How to Navigate Daylight Saving Time as a Family

Daylight saving time (DST) – when clocks jump forward one hour in most states – is just around the corner, and it can be a tricky time for kids as they need to adjust. Stanford Medicine Children’s Health pediatric pulmonologists and sleep specialists Hina Emanuel, MD, and Caroline Okorie, MD, provide tips for families.

Though the time change is small, it makes a big impact on children as the mornings get darker, and the evenings stay light longer.

“Many parents note that the time change throws off their kid’s sleep-wake schedule, which affects the whole day,” notes Dr. Okorie. “It’s hard for kids to fall asleep at bedtime. Their circadian rhythms get used to a regular sleep-wake time, so when the clock suddenly springs forward, it feels like 7 p.m. instead of 8 p.m., and kids struggle to feel sleepy at the ‘right’ time.”

What can parents do to help ease the transition?

“Children thrive on predictable routines. In the week leading up to DST, gradually adjust mealtimes by 15-minute increments each day. For younger kids, this can be applied to nap times as well,” Dr. Emanuel recommends.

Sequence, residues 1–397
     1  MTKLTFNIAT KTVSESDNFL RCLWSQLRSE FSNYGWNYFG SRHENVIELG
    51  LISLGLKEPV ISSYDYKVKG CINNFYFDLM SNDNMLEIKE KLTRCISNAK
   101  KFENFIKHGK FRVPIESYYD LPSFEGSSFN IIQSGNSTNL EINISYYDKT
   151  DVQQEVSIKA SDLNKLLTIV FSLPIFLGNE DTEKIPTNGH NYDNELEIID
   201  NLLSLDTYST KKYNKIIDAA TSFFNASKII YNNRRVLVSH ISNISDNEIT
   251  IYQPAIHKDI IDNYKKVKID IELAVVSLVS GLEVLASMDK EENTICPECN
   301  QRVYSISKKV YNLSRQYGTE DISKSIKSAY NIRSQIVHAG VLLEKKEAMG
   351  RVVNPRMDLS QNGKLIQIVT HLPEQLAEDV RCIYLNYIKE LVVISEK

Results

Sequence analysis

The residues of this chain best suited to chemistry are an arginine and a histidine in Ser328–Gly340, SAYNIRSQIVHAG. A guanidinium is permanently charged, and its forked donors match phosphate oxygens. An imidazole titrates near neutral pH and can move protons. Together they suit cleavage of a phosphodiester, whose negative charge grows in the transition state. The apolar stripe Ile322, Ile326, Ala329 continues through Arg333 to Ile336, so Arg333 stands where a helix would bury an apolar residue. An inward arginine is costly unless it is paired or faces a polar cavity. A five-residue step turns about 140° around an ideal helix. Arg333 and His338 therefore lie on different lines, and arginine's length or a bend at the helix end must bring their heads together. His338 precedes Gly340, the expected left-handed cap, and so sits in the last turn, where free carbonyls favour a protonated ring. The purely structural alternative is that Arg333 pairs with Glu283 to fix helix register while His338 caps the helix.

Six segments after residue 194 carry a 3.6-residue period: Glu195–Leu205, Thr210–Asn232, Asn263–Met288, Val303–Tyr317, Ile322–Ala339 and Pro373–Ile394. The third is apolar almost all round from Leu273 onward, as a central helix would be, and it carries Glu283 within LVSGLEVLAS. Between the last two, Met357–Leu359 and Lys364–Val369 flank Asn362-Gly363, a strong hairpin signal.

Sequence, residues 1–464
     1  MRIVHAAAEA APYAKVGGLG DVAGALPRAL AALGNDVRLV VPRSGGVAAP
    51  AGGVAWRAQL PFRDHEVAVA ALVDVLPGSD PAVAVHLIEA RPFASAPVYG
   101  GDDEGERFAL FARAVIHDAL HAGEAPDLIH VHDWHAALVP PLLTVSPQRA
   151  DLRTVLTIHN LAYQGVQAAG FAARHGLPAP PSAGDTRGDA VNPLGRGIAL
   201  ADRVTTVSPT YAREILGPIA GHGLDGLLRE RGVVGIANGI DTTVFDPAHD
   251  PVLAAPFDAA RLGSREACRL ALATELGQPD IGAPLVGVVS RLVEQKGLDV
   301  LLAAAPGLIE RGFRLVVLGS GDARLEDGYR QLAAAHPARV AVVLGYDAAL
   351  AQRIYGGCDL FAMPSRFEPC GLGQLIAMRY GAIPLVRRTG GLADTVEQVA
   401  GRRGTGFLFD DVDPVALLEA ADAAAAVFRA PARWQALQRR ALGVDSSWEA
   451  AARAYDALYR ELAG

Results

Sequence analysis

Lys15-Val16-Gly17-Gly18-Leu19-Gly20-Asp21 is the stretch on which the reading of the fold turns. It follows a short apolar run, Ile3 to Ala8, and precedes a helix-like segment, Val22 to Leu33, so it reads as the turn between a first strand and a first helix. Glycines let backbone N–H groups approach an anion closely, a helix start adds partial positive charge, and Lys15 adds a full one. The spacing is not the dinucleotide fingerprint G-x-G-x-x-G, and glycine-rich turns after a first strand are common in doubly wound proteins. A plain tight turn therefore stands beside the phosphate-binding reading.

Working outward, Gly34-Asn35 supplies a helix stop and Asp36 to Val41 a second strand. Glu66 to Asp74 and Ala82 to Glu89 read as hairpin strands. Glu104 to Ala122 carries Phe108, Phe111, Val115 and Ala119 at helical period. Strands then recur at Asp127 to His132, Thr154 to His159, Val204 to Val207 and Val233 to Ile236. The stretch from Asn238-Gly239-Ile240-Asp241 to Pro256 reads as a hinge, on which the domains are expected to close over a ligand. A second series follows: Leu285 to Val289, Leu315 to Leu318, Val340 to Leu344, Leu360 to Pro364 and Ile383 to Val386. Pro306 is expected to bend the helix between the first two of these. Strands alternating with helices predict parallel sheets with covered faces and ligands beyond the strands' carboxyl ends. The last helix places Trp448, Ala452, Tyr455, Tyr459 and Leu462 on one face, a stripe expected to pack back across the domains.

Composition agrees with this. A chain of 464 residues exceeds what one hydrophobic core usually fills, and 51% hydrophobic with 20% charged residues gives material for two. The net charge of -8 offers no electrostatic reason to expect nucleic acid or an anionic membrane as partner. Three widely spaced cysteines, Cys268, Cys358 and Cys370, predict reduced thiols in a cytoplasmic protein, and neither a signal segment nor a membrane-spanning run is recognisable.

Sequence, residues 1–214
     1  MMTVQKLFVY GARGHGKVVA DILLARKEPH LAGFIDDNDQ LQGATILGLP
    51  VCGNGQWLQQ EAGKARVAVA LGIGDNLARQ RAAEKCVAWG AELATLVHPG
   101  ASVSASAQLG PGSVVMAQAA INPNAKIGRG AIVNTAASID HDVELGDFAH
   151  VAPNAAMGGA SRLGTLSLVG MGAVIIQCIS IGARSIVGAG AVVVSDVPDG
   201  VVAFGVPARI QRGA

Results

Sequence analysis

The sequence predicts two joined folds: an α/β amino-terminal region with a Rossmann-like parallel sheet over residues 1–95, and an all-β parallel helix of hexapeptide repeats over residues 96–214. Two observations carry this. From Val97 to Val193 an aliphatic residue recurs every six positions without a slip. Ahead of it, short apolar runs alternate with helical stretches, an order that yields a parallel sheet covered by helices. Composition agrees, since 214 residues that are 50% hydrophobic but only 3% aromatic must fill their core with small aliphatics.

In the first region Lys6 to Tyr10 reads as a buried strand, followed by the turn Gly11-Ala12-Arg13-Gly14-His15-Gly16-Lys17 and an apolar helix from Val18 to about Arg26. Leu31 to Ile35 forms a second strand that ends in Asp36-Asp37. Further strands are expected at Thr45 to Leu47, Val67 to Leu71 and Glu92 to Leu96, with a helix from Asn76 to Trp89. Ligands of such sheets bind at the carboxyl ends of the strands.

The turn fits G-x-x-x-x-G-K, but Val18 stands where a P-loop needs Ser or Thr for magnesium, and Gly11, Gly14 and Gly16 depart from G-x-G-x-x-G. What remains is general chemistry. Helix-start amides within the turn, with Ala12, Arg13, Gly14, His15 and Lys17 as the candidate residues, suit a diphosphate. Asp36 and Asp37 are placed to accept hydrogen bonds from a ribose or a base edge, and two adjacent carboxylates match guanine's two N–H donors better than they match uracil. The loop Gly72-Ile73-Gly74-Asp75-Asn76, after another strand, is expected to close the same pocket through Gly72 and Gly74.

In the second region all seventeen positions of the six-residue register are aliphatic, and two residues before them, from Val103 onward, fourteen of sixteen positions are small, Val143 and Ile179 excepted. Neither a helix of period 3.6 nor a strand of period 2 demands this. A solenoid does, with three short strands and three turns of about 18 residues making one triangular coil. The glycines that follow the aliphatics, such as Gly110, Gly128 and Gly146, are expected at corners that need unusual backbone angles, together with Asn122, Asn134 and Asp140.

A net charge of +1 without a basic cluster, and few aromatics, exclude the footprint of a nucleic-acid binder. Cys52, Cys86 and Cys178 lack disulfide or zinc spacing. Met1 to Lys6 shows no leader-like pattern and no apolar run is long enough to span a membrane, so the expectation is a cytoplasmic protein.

She also notes it’s important to avoid the temptation to let children sleep in on the day of the DST shift and on weekends. “This can further confuse their internal clocks. Consistency is key.”

Parents can also try to make the room darker during bedtime with blackout curtains or blinds. Dr. Emanuel suggests dimming lights and powering down electronics at least one hour before bedtime. You can also create a calming bedtime routine with soothing activities such as reading or taking a bath.

During the day, families can maximize morning light exposure through activities, such as setting up a breakfast picnic on the porch on sunny morning, or walking to school or the park. If the weather isn’t great, open the curtain in kids’ bedrooms as soon as they wake up to allow natural light to flood the room to help the entire family adjust their internal clocks.

“If your child’s sleep programs persist for several weeks after the time shift, consider reaching out to a pediatric sleep specialist,” Dr. Okorie suggests.

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